VikeMan

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I am also curious about that why not adding lactic acid to the beer directly? What difference does it make from adding L. plantarum to create lactic acid in beer?

Lactobacillus plantarum makes other compounds too.

Think of it this way, as an anology. Ale Yeast makes alcohol, but nobody tries to make "beer" by adding pure ethanol to hop water.
 

Miraculix

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Lactobacillus plantarum makes other compounds too.

Think of it this way, as an anology. Ale Yeast makes alcohol, but nobody tries to make "beer" by adding pure ethanol to hop water.
Well....
. ........ Hard Seltzer's comes awfully close to hop water with alcohol. :D
 

Miles_1111

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What about the hop break though? If boiling is not necessary, just recommended for sour beer, what about the unpleasant compounds?
 

Beer666

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What about the hop break though? If boiling is not necessary, just recommended for sour beer, what about the unpleasant compounds?
There are no unpleasant compounds. I don't boil most of my sours. Hop tea, dry hop or both. I have some crystal clear fruited sour on tap and no one would guess its a raw beer.
 

Beer666

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This is my 4% raspberry and pineapple no boil sour. I used verdant and its still clear with time. Left on fruit and hops for 2 months. Amarillo dry hop and soured with omega labs lacto. Same pack i bought a few years ago. Very fruity on the nose. Hops in the background, almost a perfume smell. Lacto added after 3 days and it still has a bright acidity.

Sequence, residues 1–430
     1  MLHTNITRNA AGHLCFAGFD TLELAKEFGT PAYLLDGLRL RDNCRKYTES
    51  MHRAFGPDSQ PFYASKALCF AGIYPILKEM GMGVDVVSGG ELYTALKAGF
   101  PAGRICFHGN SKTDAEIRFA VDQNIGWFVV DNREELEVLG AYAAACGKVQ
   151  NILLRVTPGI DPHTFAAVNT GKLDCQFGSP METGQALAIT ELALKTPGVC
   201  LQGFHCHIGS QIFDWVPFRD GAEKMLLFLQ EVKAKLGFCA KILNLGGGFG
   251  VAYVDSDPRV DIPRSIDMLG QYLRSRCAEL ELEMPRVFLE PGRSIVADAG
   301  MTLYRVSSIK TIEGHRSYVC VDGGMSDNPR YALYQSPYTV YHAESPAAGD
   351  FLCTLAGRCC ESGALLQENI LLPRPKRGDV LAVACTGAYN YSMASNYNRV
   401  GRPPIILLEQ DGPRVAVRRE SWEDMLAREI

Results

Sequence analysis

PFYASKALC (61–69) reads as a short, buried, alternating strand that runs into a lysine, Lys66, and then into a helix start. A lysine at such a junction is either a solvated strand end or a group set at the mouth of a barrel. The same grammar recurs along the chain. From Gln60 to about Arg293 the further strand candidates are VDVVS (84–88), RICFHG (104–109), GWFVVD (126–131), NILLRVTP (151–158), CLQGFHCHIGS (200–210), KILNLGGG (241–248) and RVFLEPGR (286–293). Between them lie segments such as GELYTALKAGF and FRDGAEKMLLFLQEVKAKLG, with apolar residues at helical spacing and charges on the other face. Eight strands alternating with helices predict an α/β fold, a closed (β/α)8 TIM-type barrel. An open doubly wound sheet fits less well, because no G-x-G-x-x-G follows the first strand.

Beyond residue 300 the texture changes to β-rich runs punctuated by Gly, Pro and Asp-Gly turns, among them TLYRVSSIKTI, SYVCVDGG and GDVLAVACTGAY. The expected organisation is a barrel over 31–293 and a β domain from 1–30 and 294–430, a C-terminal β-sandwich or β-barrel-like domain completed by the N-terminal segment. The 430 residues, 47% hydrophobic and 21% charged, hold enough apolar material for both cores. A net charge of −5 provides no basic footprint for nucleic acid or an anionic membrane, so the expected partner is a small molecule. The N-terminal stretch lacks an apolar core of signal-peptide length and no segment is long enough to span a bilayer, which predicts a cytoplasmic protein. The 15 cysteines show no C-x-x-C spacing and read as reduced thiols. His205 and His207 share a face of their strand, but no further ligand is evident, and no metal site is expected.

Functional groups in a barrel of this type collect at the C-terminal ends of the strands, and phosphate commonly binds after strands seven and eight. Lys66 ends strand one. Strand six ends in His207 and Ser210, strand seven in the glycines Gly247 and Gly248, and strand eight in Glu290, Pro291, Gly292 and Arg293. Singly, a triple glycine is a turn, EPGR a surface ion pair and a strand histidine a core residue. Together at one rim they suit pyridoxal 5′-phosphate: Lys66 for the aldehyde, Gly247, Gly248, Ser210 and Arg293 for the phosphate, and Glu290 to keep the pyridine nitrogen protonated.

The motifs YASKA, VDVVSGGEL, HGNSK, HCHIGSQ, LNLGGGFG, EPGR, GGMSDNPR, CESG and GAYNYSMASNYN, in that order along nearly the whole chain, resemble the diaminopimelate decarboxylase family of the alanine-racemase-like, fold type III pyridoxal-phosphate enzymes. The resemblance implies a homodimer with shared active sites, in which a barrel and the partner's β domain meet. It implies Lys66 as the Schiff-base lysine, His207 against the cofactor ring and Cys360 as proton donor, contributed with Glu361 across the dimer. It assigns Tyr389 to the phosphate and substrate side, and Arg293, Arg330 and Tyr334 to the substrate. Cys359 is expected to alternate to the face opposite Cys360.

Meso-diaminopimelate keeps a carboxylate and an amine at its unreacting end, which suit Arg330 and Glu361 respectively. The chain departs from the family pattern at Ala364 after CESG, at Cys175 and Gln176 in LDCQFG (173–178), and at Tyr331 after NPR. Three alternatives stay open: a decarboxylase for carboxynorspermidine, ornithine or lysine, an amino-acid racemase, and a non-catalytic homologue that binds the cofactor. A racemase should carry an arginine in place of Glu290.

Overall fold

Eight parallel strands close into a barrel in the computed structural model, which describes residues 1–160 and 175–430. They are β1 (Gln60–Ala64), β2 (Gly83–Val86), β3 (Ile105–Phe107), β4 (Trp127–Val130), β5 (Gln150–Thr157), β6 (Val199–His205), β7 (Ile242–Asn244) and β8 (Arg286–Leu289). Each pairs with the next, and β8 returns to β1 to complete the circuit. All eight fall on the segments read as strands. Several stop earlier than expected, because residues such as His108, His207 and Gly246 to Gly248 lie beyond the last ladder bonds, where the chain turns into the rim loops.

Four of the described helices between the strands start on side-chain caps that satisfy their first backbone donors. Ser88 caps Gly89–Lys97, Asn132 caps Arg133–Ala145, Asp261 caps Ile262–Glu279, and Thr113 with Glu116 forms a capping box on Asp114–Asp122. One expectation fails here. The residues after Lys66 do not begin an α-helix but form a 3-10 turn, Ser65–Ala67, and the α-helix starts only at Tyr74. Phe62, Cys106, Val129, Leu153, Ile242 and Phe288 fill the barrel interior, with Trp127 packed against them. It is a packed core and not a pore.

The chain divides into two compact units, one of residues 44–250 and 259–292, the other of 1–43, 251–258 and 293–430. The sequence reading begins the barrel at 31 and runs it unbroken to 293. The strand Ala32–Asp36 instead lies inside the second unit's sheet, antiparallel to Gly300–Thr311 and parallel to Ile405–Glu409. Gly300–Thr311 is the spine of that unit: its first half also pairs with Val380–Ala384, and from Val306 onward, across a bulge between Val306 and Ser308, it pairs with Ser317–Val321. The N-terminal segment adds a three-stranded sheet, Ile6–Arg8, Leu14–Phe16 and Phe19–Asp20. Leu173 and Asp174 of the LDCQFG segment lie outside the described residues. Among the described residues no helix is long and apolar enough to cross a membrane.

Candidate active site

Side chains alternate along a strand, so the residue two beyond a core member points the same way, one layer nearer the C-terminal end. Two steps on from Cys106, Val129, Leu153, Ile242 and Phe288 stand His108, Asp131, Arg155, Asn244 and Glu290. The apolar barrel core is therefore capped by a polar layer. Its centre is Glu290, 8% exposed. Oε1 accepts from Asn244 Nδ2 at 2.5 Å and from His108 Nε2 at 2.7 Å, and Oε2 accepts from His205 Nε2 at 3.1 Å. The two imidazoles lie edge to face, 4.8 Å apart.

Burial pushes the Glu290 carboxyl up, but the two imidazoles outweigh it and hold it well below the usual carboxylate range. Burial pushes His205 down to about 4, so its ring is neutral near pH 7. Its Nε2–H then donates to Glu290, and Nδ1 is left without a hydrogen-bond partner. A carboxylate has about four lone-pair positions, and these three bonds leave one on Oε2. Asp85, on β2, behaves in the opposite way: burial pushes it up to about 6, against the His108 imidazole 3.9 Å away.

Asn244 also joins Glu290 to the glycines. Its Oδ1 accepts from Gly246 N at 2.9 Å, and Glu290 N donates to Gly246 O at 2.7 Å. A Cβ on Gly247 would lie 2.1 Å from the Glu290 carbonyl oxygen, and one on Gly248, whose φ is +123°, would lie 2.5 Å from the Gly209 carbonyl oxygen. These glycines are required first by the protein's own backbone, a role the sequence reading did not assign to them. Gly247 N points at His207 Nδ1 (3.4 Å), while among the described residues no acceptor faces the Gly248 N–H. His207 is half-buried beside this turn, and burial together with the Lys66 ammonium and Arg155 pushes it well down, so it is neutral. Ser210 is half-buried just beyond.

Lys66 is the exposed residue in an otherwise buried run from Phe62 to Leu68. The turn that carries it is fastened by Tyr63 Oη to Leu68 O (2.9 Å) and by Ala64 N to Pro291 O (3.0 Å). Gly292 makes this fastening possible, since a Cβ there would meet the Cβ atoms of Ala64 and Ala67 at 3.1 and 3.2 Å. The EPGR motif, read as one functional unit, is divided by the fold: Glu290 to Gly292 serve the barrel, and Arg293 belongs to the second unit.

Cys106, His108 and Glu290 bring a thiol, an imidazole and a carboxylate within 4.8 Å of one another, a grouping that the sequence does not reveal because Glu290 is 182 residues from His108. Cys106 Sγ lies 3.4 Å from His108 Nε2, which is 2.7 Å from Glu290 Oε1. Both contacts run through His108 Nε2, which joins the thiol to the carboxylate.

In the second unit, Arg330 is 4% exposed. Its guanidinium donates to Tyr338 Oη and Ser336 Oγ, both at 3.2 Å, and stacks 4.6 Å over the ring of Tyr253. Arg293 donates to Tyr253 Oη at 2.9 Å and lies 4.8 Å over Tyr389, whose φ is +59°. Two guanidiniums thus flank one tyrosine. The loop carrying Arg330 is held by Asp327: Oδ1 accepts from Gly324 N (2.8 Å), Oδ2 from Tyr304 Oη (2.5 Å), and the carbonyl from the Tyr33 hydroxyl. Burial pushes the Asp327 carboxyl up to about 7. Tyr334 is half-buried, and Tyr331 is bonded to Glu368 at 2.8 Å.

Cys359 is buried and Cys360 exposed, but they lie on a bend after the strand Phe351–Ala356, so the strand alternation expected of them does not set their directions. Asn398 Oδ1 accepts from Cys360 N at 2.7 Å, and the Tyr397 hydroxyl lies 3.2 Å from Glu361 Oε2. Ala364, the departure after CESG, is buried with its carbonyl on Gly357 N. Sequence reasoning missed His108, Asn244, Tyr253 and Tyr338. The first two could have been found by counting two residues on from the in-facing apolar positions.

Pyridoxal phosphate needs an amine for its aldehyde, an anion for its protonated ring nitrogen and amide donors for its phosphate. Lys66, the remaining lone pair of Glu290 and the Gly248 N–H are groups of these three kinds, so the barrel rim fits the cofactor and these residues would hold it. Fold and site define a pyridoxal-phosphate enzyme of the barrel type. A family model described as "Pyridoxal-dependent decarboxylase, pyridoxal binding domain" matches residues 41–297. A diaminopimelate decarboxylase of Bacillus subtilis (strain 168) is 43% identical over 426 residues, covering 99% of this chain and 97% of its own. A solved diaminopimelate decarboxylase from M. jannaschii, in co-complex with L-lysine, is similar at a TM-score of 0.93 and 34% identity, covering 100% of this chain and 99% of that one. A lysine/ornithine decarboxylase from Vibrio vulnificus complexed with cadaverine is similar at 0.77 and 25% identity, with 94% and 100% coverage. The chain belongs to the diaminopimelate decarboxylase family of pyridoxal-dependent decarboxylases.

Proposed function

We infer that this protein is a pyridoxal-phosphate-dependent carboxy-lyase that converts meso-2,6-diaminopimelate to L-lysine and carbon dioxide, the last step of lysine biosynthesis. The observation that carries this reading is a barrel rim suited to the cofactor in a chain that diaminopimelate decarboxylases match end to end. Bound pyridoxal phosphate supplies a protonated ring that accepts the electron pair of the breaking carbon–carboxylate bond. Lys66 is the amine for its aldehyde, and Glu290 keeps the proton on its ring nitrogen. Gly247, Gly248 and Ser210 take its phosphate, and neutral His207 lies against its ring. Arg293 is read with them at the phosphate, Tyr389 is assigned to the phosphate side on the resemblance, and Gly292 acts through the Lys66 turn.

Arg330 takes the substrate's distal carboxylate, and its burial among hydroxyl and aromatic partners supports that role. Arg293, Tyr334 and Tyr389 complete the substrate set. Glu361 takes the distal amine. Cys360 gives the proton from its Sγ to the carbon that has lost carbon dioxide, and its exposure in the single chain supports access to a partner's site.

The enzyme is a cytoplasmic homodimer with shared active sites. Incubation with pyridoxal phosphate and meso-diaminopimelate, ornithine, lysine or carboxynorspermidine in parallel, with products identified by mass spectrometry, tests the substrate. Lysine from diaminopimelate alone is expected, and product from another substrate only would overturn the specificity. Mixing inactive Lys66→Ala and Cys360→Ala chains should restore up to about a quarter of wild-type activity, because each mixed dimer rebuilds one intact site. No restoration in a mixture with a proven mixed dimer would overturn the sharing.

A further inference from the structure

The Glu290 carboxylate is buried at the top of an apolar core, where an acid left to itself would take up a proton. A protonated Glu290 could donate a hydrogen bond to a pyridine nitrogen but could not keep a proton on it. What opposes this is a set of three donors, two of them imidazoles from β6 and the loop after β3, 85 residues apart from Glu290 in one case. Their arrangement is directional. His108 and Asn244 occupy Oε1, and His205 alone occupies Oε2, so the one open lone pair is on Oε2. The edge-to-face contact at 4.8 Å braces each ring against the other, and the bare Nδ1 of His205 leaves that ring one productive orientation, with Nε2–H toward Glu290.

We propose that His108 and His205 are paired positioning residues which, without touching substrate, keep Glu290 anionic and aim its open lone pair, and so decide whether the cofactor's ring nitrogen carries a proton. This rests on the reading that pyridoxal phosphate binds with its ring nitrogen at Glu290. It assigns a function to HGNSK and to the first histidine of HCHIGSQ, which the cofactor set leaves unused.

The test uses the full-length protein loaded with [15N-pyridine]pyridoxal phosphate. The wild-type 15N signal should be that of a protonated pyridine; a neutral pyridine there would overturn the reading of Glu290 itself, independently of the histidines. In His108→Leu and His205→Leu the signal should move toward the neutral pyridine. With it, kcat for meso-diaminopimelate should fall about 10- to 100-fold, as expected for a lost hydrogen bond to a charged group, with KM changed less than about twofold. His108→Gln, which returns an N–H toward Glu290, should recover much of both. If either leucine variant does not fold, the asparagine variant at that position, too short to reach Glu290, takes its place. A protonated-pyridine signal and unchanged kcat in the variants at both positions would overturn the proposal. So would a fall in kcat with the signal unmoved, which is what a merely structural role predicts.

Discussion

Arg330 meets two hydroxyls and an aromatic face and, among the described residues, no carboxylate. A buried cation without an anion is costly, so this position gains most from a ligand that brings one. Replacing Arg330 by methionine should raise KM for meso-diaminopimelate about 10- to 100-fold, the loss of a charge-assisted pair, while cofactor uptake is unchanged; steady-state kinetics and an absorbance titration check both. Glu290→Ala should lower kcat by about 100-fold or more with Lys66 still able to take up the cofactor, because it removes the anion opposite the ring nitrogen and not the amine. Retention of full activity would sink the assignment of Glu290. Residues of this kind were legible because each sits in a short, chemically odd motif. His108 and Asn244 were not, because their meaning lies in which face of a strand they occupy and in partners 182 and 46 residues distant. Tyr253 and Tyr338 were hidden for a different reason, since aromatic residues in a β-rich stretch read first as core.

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Miraculix

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This is my 4% raspberry and pineapple no boil sour. I used verdant and its still clear with time. Left on fruit and hops for 2 months. Amarillo dry hop and soured with omega labs lacto. Same pack i bought a few years ago. Very fruity on the nose. Hops in the background, almost a perfume smell. Lacto added after 3 days and it still has a bright acidity.

View attachment 809914
This looks really good, I want one now!
 

Miles_1111

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There are no unpleasant compounds. I don't boil most of my sours. Hop tea, dry hop or both. I have some crystal clear fruited sour on tap and no one would guess its a raw beer.
The unpleasant compound like DMS? Maybe the sourness covers the off-flavor of DMS, or PH<5.4 could prevent the production of DMS?
 

Beer666

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Never had DMS. I dont think its produced at those temperatures. Perhaps someone else will know. I have done well over a hundred batches of raw beer. A horrible tasting acidic beer will still be a horrible beer imho.
 

Brewer dad

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The unpleasant compound like DMS? Maybe the sourness covers the off-flavor of DMS, or PH<5.4 could prevent the production of DMS?

I know we’re starting to get off op, but I’ll just add this link for reference in re the DMS for raw ales. Short version is @Beer666 is correct, DMS isn’t produced until you go above 176-185F.

Mr. Laitinen also discusses hop tea, which could be relevant to this thread.

 

Beer666

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I know we’re starting to get off op, but I’ll just add this link for reference in re the DMS for raw ales. Short version is @Beer666 is correct, DMS isn’t produced until you go above 176-185F.

Mr. Laitinen also discusses hop tea, which could be relevant to this thread.

Nice one. Will give that a read later.
 
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Very encouraging. He has some bottled sours over 5 years old! That is excellent.
I have some 20 year old stout. Some 10 year old sours (one always wishes they got into sours way sooner than they do once they start brewing them). Some 20+ year old ales and lagers (I'm a hoarder, sue me), that I probably will never drink, though I've had a couple through the years and they are not good anymore. But I can't dump them, help!

Not to get off topic...sorry,.